9) have addressed some of the design and implementation problems identified here. The point remains, however, that the frameworks for analysis, presented in Chapter 6, are an appropriate way for analyzing any high-tech support system for spatial thinking. Moreover, the types of problems identified by the committee will probably exist until GIS is designed from scratch with students and teachers in mind.

It must be stressed that GIS was not designed with educational applications in mind. It is a working system for the handling and analysis of geospatial data, designed by and for experts. It is an “industrial-strength” system that far exceeds the needs and capabilities of most teachers and students (indeed, most users). Nevertheless, GIS has been and is being used in educational settings, and ESRI itself has been very supportive of such efforts. Thus, the committee’s analysis reflects a transitional stage in the evolution of GIS software. Just as specialized versions have been developed for specific user communities, such as business logistics or infrastructure design, the committee fully expects that versions will be developed with education in mind. These analyses are intended to aid in such development.

This chapter examines the strengths and weaknesses of currently available off-the-shelf versions of GIS as a learning environment. In making its judgment on the capacity (Section 8.2), design (Section 8.3), and implementation (Section 8.4) of GIS as a support system for spatial thinking in the K–12 environment, the committee relies on primarily oral presentations and written statements from system designers, researchers, and school and university educators (Appendix B). Each section follows a similar format. In the case of system capabilities, for example, there are three requirements: the capacity to spatialize, to visualize, and to perform functions. Each requirement is analyzed, and the committee’s observations are summarized in two ways: (1) by means of a list of observations and (2) by means of an assessment table at the end of each section. Based on the results of this analysis of the current status of GIS in K–12 education, Section 8.5 examines organizational models for redesigning GIS software to fit the needs, constraints, and opportunities of the K–12 context.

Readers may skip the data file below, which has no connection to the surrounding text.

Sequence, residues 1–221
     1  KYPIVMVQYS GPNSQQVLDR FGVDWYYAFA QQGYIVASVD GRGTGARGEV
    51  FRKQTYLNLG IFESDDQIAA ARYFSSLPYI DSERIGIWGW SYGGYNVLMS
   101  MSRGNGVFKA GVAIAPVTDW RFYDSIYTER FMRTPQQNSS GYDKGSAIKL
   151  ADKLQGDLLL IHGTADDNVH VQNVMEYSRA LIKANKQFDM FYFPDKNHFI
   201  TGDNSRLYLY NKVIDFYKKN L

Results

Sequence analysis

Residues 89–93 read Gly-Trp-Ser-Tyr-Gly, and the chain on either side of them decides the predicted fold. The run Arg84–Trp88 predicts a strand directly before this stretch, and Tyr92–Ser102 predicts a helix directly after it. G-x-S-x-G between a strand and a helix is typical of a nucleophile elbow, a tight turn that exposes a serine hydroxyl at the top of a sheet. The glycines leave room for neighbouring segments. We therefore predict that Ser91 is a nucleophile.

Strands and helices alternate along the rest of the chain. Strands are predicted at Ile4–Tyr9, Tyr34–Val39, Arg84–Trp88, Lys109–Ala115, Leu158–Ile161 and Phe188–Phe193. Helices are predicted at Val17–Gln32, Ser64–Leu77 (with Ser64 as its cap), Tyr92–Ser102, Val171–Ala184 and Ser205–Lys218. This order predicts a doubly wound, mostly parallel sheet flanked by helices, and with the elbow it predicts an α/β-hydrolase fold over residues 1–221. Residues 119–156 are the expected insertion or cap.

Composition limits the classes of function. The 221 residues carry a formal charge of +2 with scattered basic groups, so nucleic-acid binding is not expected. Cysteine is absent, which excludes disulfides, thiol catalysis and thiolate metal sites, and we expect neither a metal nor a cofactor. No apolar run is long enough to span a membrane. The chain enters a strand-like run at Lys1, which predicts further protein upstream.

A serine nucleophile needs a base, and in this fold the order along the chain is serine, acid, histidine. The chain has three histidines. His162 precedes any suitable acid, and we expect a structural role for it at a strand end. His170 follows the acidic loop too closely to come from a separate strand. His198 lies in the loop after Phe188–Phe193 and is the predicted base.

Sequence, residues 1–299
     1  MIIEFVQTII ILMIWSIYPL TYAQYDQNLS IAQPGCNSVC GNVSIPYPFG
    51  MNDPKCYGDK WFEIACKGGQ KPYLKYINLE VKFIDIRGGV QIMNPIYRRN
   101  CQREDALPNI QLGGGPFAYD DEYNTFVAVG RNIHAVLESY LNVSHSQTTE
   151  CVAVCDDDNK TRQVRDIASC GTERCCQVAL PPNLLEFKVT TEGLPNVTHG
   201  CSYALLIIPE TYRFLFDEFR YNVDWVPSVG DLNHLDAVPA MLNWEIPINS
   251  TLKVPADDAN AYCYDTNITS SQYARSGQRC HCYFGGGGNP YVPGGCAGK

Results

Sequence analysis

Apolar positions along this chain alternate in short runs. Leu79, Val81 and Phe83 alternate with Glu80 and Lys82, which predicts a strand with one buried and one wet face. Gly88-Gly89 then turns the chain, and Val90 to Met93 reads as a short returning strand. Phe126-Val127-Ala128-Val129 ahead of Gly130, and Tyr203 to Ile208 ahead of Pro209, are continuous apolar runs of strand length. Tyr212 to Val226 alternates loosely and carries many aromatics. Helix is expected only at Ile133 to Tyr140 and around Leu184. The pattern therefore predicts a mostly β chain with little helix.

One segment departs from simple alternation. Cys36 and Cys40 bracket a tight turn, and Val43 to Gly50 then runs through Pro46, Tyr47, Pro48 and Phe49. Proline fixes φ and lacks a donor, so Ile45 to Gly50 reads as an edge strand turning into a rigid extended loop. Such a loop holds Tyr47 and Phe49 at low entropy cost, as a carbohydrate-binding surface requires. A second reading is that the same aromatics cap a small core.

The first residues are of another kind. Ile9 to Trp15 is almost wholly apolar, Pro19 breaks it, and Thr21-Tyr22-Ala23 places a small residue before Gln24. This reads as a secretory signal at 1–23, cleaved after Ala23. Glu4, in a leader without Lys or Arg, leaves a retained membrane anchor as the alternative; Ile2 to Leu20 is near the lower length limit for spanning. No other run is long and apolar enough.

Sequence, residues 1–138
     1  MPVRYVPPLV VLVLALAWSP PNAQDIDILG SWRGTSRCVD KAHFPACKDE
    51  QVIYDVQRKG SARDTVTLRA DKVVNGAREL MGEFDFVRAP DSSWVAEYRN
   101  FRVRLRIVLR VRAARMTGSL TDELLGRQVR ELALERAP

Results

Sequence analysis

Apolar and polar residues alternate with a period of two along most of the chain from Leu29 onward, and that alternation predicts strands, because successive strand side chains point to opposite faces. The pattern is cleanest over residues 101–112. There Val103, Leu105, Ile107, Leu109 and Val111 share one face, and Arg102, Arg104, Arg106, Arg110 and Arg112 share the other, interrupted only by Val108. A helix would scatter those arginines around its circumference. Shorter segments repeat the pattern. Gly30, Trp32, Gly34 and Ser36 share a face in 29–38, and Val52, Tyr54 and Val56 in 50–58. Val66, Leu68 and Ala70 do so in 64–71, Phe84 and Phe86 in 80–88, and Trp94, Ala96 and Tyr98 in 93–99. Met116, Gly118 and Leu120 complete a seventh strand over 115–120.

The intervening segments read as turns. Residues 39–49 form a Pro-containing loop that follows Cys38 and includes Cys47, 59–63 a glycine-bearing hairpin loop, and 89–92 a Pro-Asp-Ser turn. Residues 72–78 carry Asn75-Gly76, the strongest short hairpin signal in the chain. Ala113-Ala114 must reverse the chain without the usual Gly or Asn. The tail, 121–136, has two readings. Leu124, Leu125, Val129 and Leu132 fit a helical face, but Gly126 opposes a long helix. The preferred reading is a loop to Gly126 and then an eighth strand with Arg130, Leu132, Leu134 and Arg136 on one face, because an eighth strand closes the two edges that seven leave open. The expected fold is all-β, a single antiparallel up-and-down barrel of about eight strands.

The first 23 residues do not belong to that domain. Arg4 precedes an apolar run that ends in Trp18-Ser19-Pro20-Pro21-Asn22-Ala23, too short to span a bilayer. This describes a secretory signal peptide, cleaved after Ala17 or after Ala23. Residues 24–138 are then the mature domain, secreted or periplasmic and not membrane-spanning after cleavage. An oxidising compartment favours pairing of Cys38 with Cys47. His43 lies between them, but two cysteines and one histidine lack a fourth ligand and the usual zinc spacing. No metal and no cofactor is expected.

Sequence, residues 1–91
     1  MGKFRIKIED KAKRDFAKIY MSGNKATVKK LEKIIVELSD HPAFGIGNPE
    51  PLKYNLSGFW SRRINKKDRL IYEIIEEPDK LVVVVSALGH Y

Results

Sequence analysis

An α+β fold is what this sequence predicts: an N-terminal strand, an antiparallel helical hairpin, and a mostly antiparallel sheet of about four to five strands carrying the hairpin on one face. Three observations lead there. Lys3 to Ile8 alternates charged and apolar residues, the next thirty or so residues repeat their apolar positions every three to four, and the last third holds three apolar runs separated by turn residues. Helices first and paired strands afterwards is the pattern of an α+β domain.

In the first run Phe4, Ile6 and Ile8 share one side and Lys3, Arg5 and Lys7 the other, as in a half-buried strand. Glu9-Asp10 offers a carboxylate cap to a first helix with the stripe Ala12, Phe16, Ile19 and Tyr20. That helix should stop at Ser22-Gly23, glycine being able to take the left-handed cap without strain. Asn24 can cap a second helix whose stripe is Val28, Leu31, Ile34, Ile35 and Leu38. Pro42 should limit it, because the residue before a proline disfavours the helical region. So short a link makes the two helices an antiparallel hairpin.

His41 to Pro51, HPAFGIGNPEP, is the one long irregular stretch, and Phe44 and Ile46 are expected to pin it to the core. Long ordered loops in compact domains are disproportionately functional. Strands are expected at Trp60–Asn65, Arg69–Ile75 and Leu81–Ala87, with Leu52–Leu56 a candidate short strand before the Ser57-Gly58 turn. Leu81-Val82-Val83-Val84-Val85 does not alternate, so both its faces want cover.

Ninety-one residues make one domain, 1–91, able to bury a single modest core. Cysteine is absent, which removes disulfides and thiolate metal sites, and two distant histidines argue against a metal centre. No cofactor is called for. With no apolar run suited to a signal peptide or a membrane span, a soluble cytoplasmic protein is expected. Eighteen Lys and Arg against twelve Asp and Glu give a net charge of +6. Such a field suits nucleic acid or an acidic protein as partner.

For current GIS software products to support the teaching and learning of spatial thinking in the K–12 context, they must have the capacity to (1) spatialize data sets by providing spatial data

The National Academies | 500 Fifth St. N.W. | Washington, D.C. 20001
Copyright © National Academy of Sciences. All rights reserved.
Terms of Use and Privacy Statement